Home » Governance » VP Mphoko Should Aid National Healing, Not Stoke the Fires

VICE-President Phelekezela Mphoko is quite a curious character who appears unable to live without stirring controversy.

Almost every time he opens his mouth in the discharge of duty as bearer of the second highest office on the land, Mphoko lands himself neck-deep in controversy.

What makes his behaviour disturbing is that his pronouncements cannot always be blamed on the slip of a tongue, as happened two days ago when he let go a boob, chanting a slogan exalting former Vice-President Joice Mujuru when he meant to sing praises for First Lady Grace Mugabe.

Mphoko is in the habit of making disturbing statements that have raised a lot of questions about his character and his suitability for office.

Last week, he repeated his controversial claim that the massacre of thousands of civilians by government forces in Matabeleland and the Midlands provinces in the early 80s, was a “Western project”.

Mphoko said, without giving any supporting evidence that Mugabe who described Gukurahundi as “a moment of madness”, had nothing to do with the atrocities that were perpetrated by the North Korean trained 5 Brigade.

He piled blame on unnamed foreign powers without explaining what form the “Western conspiracy” took or how it led our own government to unleash terror and mayhem on its own people, including Mphoko’s former boss the late VP Joshua Nkomo.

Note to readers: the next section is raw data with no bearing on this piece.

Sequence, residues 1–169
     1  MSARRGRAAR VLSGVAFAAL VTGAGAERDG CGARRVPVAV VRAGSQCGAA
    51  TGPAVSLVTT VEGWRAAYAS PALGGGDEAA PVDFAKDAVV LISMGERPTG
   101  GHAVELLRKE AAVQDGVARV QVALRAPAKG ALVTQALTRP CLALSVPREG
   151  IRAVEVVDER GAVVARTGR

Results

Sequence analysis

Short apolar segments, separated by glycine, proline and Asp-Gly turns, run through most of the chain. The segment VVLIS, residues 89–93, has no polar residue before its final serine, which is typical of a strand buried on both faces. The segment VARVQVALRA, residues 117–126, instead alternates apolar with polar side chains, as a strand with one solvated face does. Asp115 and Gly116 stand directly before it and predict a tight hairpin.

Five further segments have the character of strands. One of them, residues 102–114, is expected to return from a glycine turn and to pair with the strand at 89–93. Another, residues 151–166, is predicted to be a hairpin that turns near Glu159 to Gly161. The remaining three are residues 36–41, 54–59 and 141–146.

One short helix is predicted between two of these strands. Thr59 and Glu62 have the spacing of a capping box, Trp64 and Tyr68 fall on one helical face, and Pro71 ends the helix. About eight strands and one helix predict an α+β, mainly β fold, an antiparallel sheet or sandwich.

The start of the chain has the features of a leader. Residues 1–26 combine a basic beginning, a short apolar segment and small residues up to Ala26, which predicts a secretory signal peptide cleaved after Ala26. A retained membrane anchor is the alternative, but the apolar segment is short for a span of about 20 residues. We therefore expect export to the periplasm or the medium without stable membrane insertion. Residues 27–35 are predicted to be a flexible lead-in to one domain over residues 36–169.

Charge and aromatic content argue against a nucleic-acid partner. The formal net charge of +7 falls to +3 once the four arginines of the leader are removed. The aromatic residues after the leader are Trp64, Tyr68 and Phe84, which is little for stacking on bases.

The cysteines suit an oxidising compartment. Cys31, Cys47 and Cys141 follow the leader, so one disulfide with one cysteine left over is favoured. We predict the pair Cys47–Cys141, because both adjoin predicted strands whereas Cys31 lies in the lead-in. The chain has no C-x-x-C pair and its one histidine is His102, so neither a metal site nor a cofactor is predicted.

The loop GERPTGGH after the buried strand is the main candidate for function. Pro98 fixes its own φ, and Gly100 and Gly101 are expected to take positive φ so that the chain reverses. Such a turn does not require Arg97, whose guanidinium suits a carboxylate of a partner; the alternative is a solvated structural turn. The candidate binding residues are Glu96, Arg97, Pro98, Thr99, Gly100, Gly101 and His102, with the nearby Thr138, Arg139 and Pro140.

Last week he also hogged the limelight for reminding an overzealous Pyschomotor minister Josaya Hungwe that he was not junior to Vice-President Emmerson Mnangagwa. Hungwe had introduced him as second Vice-President.

As a diplomat, Mphoko should know the importance of keeping his mouth shut, even if he holds g views about a certain subject. Denying that Gukurahundi ever happened in Zimbabwe is “historical revisionism at its worst,” former Education minister David Coltart observed recently. Such an unwarranted statement is an insult to victims and to families that lost their loved ones when an estimated 20 000 innocent people were killed. Mphoko’s denial can therefore never be helpful in a country that is desperate for national healing.

As Vice-President, Mphoko should strive to heal wounds rather than to rub salt to the injury. We expect him to show leadership rather than to be perpetually seized with matters that have a potential to divide Zimbabweans.

Source : Zimbabwe Standard

Archives